A new way to kill cancer cells by attaching cancer-seeking antibodies to tiny carbon tubes is being tested out by scientists at UT Southwestern Medical Center and nanotechnology experts from UT Dallas. The new method causes cancer cells to heat up when exposed to near-infrared light.
Now, researchers can use biological molecules called monoclonal antibodies that bind to cancer cells. Monoclonal antibodies can work alone or can be attached to powerful anti-cancer drugs, radionuclides or toxins to deliver a deadly payload to cancer cells.
For the study, they used monoclonal antibodies that targeted specific sites on lymphoma cells to coat tiny structures called carbon nanotubes, which are very small cylinders of graphite carbon that heat up when exposed to near-infrared light.
This type of light, which is invisible to the human eye, is used in TV remote controls to switch channels and is detected by night-vision goggles. Near-infrared light can penetrate human tissue up to about 11/2 inches.
The antibody-coated nanotubes are attached to the cells' surfaces in cultures of cancerous lymphoma cells. After exposing the targeted cells to near-infrared light, the nanotubes heated up, generating enough heat to essentially "cook" the cells and kill them. Nanotubes coated with an unrelated antibody neither bound to nor killed the tumor cells.
"Using near-infrared light for the induction of hyperthermia is particularly attractive because living tissues do not strongly absorb radiation in this range. Once the carbon nanotubes have bound to the tumor cells, an external source of near-infrared light can be used to safely penetrate normal tissues and kill the tumor cells," said Dr. Ellen Vitetta, director of the Cancer Immunobiology Center at UT Southwestern and senior author of the study.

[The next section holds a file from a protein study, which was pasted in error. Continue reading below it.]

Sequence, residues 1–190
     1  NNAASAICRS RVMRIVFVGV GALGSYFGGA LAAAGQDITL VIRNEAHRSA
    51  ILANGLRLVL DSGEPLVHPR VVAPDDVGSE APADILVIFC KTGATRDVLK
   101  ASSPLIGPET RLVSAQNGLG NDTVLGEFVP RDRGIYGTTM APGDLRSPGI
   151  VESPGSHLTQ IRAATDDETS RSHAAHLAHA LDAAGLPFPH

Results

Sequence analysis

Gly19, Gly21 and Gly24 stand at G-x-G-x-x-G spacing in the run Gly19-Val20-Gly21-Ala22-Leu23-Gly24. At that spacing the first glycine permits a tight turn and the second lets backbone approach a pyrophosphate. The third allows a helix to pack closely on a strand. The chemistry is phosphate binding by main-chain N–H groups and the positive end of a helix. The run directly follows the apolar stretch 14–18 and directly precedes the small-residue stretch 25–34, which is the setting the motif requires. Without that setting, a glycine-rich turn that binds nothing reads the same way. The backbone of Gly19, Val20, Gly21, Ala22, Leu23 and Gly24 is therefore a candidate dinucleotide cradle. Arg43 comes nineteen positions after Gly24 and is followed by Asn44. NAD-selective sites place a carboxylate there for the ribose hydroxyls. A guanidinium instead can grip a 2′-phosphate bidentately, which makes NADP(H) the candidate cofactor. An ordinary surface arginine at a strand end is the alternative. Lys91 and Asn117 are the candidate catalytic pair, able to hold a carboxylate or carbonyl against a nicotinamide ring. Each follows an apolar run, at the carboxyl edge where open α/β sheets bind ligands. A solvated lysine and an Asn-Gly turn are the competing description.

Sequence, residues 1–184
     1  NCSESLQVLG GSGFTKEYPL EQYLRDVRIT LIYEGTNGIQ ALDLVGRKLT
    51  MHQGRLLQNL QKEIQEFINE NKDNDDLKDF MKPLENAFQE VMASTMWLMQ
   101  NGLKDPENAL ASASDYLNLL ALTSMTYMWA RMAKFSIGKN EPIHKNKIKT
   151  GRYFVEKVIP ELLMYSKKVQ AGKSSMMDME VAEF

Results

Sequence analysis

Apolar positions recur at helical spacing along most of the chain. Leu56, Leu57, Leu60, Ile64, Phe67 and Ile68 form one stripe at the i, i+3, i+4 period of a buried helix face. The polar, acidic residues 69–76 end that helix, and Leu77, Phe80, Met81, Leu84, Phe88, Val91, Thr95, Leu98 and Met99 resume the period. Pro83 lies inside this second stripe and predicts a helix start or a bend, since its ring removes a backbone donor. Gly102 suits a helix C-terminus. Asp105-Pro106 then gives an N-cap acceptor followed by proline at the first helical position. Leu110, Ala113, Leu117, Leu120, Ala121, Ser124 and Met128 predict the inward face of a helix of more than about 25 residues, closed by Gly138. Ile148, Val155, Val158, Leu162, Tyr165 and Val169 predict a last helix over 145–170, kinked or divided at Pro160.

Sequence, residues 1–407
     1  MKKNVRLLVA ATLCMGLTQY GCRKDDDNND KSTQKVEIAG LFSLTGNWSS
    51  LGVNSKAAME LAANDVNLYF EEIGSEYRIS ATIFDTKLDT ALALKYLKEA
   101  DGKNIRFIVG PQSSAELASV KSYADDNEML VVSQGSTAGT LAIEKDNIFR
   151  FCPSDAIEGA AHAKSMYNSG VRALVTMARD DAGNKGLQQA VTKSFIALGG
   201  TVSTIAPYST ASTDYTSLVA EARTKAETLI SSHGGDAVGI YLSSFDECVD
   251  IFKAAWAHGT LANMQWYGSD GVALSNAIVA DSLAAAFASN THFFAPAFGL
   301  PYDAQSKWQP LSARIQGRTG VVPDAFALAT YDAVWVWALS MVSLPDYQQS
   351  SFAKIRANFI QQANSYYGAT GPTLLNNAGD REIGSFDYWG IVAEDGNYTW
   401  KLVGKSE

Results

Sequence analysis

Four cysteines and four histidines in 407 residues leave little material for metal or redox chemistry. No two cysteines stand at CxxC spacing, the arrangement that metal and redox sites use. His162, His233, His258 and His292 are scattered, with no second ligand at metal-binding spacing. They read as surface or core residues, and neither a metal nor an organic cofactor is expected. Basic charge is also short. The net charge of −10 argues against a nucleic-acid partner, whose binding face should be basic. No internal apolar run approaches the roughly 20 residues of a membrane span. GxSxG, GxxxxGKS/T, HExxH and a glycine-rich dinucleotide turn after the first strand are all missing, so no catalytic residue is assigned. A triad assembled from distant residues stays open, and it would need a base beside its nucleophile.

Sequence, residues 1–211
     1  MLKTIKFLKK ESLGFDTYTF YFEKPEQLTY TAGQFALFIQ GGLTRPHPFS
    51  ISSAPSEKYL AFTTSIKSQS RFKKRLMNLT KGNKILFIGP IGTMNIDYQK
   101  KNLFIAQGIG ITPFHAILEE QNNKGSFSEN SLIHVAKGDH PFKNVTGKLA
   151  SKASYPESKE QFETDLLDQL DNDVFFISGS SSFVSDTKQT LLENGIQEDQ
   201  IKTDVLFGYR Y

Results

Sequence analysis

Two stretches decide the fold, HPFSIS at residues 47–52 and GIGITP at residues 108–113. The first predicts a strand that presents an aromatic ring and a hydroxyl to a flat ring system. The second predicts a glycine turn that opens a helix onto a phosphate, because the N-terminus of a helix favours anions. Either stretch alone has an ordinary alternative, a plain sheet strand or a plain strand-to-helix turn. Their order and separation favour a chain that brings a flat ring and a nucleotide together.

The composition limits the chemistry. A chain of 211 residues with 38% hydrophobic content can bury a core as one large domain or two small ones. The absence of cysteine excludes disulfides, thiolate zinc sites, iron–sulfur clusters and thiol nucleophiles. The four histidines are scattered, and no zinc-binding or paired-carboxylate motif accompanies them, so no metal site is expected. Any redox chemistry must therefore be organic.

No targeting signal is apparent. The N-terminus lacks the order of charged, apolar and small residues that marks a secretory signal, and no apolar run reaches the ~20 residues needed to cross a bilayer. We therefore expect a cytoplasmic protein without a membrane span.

She added: "Demonstrating this specific killing was the objective of this study. We have worked with targeted therapies for many years, and even when this degree of specificity can be demonstrated in a laboratory dish, there are many hurdles to translating these new therapies into clinical studies. We're just beginning to test this in mice, and although there is no guarantee it will work, we are optimistic."
The new study is the first to show that both the antibody and the carbon nanotubes retained their physical properties and their functional abilities - binding to and killing only the targeted cells. This held true even when the antibody-nanotube complex was placed in a setting designed to imitate conditions inside the human body.
"There are rational approaches to detecting and minimizing the potential for nonspecific toxicity of the nanoparticles developed in our studies," said Dr. Rockford Draper, leader of the team from UT Dallas and a professor of molecular and cell biology.
The study is available online and in an upcoming print issue of Proceedings of the National Academy of Sciences.